After talking all together, we broke into two mini-sessions. Two Decibel staff members and five to six guests then spoke more specifically about voting. In the breakout rooms we asked the following questions:

  • What conversations have you and your family and friends had about the election?
  • What election issue is most important to you?
  • What do you feel no one is talking about?

Guests shared that the pandemic has affected many Asian-American businesses and racist rhetoric like the “China virus” has made things harder for members of their community. They also noted how many Asian Americans are running for office. When we asked for specific people we should highlight in our stories, one person suggested a local teenager who has been phone banking. That story, born of this conversation, will be released in a few weeks.

The hour-long event ended too soon. We walked away with two story ideas but felt we needed more conversations for longer periods of time with community members in the future. Following the Zoom meeting we sent out a thank you email with a survey on how we could improve future conversations. More than 64% of our guests rated the overall discussion as good. However, we saw a slight dip for the breakout sessions. About 50% of the guests rated the breakout sessions as excellent.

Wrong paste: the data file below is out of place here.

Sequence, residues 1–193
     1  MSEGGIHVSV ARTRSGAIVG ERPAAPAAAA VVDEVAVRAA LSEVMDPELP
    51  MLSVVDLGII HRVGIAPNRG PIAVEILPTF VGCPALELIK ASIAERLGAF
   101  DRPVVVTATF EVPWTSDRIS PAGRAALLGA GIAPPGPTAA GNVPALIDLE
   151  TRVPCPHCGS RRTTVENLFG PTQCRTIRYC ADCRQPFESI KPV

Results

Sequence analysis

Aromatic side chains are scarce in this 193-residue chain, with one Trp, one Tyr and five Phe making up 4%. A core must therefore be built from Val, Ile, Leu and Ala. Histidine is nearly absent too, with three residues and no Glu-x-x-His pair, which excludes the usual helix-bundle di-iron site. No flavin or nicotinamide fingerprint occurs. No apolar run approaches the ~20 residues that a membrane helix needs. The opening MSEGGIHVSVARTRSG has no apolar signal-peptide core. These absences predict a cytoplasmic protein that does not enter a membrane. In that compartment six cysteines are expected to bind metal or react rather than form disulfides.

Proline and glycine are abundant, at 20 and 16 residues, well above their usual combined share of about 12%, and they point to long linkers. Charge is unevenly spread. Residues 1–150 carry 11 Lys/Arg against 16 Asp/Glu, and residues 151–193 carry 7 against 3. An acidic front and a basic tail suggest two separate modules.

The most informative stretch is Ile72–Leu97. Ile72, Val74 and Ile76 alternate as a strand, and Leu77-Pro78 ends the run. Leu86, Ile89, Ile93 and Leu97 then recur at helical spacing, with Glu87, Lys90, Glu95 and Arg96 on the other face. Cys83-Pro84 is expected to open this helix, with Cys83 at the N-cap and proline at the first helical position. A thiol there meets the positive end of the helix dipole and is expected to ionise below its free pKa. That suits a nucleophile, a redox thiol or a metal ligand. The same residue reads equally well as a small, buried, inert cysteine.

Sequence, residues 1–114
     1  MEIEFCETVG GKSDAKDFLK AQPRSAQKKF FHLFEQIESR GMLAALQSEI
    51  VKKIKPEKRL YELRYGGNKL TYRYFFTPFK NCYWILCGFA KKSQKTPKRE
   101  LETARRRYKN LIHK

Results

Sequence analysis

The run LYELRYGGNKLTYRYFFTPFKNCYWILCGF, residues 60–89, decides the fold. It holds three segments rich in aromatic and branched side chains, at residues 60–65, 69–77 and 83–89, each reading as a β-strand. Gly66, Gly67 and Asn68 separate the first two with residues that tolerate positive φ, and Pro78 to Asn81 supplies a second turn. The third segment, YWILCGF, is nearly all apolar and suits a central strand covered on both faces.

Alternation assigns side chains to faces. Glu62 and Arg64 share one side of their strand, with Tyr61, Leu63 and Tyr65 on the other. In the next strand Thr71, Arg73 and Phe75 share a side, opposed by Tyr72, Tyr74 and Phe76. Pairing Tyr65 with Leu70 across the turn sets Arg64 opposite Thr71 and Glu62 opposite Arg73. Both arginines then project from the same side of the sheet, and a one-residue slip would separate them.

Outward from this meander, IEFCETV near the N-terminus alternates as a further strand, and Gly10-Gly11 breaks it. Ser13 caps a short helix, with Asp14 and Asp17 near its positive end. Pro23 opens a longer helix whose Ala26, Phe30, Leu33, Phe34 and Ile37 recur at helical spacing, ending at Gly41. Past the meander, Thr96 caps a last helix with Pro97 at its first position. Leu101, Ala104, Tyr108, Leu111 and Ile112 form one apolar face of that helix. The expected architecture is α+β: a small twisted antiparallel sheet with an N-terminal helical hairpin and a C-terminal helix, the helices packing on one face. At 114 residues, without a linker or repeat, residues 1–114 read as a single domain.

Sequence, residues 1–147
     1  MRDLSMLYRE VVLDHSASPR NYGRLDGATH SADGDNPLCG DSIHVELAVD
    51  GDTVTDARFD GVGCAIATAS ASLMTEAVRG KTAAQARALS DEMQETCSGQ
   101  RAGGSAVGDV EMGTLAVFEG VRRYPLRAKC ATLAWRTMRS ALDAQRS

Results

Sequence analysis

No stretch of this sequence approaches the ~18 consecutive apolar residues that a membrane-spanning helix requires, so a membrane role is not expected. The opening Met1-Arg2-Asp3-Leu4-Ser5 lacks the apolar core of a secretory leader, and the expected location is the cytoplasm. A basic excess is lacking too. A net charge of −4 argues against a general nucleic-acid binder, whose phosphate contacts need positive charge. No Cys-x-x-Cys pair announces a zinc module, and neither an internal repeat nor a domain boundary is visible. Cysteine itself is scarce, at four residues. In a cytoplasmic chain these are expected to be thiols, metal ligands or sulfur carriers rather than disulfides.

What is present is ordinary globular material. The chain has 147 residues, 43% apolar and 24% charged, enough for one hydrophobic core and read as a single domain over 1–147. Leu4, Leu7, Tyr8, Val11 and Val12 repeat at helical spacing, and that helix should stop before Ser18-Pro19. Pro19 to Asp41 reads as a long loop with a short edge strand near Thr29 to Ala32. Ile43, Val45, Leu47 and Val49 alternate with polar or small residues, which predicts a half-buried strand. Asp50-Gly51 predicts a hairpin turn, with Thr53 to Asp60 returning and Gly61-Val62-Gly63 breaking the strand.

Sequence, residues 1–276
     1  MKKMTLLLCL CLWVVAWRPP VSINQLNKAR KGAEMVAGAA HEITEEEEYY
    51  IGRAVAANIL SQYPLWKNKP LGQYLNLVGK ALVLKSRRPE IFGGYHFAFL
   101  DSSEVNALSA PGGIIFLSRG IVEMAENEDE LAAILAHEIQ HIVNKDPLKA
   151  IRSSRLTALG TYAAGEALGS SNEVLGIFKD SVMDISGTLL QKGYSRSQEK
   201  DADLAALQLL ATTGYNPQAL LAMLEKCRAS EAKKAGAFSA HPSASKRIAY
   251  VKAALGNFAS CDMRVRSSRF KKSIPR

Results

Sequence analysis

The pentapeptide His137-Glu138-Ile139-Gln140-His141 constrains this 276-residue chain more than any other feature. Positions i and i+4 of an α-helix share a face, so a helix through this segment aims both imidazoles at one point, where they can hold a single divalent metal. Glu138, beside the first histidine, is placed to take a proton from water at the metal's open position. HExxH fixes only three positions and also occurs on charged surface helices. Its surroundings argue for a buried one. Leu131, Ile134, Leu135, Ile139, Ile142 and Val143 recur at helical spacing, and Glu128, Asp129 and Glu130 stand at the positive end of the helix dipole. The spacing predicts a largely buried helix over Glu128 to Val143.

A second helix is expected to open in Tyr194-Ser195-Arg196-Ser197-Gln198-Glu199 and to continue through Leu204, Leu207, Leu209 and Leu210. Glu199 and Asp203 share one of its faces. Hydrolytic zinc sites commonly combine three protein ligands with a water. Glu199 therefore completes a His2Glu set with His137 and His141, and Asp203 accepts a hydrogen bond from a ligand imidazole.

Some of what people liked best was hearing other’s perspectives, knowing that they were being heard and that their concerns were being taken seriously. One participant’s least favorite part of the conversation was that it wasn’t long enough.

The takeaway for the Decibel team was to continue our mission to listen to and have conversations with the communities we cover. We don’t want to just post our articles and move on; rather, we seek to build relationships that result in dynamic and authentic storytelling.

Next month we plan to have a post-coverage discussion to get feedback on our reporting. If you are a member of the Asian American community in Central Texas and would like to be included in the next conversation, please email us at news@klru.org.